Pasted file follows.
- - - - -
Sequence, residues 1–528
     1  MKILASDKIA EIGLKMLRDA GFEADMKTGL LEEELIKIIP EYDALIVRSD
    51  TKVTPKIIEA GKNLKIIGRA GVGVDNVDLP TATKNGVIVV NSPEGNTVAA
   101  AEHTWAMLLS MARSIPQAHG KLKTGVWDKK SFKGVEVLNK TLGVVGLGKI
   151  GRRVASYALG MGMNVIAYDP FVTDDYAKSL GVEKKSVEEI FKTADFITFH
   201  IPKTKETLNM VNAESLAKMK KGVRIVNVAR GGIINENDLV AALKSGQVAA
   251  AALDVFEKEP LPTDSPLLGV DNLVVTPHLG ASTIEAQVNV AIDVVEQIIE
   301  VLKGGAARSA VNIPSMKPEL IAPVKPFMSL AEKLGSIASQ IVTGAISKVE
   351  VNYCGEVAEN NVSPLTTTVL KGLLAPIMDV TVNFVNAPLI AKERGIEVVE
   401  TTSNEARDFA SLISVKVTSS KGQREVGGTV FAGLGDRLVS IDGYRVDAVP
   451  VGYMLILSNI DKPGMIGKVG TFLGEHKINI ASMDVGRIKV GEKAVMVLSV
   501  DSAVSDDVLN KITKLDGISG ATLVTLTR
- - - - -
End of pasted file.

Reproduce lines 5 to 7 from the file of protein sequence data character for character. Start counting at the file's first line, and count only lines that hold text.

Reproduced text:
   151  GRRVASYALG MGMNVIAYDP FVTDDYAKSL GVEKKSVEEI FKTADFITFH
   201  IPKTKETLNM VNAESLAKMK KGVRIVNVAR GGIINENDLV AALKSGQVAA
   251  AALDVFEKEP LPTDSPLLGV DNLVVTPHLG ASTIEAQVNV AIDVVEQIIE